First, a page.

Several wind turbines on the Te Apiti site are undergoing major maintenance.
Meridian Energy spokesman Alan Seay said the work was being done under warranty and was part of normal upkeep for the turbines, which were installed less than two years ago.
“It’s not damage, it’s wear and tear the sort of thing you expect with a new plant.” Each turbine is 70m tall and has 35m blades.
“It’s a major job it’s a big piece of equipment.” He said “less than a dozen” of the 55 turbines at the site need replacement parts to be ordered from their Danish manufacturer.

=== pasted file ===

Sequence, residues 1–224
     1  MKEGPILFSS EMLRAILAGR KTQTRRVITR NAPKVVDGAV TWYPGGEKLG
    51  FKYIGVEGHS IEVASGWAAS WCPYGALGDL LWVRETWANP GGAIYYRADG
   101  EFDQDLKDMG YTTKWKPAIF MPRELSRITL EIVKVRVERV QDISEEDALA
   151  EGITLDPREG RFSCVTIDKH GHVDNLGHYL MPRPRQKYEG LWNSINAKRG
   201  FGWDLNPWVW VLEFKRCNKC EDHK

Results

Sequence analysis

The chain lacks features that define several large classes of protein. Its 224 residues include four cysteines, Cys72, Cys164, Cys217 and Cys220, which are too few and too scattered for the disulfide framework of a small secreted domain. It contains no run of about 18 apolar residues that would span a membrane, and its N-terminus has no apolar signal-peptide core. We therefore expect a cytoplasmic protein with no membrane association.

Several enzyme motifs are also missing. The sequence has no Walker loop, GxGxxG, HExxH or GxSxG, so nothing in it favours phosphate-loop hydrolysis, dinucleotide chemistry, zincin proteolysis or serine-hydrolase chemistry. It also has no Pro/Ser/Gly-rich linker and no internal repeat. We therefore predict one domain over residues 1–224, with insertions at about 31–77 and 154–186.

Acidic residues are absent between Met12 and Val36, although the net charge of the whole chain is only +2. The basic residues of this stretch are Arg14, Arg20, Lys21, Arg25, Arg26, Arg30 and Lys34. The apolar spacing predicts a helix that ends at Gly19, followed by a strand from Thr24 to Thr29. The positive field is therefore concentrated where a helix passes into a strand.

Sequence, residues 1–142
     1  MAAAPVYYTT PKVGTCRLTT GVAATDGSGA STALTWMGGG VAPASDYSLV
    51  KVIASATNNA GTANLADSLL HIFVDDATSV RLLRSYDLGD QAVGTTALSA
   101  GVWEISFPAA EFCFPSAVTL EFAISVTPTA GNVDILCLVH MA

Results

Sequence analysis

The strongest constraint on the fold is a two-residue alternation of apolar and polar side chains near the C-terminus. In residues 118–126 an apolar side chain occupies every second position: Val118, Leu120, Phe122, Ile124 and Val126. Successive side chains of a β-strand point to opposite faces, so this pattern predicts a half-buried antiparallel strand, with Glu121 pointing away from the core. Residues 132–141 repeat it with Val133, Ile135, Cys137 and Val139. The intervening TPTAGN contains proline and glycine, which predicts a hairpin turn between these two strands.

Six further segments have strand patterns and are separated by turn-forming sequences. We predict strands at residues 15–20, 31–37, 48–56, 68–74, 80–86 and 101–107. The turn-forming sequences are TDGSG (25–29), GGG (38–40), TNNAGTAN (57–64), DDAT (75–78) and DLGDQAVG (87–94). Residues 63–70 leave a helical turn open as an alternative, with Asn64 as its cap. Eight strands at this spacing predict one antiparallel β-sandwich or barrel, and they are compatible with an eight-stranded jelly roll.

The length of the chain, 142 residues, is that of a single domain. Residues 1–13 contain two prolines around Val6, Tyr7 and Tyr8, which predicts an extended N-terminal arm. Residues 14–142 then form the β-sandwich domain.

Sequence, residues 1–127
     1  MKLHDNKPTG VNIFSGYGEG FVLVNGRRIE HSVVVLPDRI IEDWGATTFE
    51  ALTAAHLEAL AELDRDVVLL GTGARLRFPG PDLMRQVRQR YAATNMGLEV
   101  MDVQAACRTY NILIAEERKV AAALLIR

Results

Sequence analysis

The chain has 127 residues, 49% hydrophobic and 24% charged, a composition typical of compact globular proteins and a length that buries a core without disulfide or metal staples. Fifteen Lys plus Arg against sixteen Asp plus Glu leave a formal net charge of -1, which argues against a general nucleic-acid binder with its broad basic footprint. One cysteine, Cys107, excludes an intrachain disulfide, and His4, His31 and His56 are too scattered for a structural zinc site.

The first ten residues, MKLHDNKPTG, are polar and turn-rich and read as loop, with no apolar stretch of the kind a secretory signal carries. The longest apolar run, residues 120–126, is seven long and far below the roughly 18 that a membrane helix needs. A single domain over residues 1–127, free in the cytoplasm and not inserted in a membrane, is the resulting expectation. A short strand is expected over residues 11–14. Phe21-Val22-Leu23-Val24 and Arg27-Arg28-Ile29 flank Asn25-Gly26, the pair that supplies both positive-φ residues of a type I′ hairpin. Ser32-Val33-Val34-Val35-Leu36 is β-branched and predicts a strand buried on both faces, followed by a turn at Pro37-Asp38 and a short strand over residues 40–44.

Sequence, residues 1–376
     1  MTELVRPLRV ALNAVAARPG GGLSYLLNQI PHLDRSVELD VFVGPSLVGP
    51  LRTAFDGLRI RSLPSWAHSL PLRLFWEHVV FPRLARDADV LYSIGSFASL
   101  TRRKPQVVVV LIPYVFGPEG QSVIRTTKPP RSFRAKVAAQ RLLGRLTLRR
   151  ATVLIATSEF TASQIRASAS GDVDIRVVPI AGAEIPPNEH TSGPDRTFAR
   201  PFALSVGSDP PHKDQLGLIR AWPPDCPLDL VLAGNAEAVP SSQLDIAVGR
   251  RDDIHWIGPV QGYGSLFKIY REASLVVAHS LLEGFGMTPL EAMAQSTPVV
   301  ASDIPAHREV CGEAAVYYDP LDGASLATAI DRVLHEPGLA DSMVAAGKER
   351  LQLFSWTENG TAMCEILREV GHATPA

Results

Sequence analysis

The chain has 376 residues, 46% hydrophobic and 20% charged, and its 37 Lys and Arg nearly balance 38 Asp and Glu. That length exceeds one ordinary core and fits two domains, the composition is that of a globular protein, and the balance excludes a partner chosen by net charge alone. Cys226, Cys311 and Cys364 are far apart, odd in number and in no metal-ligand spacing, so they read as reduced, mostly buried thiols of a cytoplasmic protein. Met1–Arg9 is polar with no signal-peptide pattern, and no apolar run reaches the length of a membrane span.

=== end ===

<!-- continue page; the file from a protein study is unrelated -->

The damage is to “gearboxes mostly, and a couple of blades”, which developed hairline fractures.
Despite the work, Mr Seay said the wind farm had been performing “beyond expectations”.
The company did not know precisely how the farm would fare as the Te Apiti site is windier than any other wind-farm site in the world.
“We weren’t clear exactly what to expect because they are being used in harder conditions than overseas.”
Mr Seay said while the Te Apiti turbines endure a harsh environment, they also generate a lot of power.
When conditions become too windy for the turbines to operate, they shut down.
“They are designed to prevent damage, but any machine that works hard will need maintenance,” said Mr Seay.
“There can be extreme conditions up there.”
He said the maintenance would not cause power cuts and all of the work could be done on site.
By Nick Wilson
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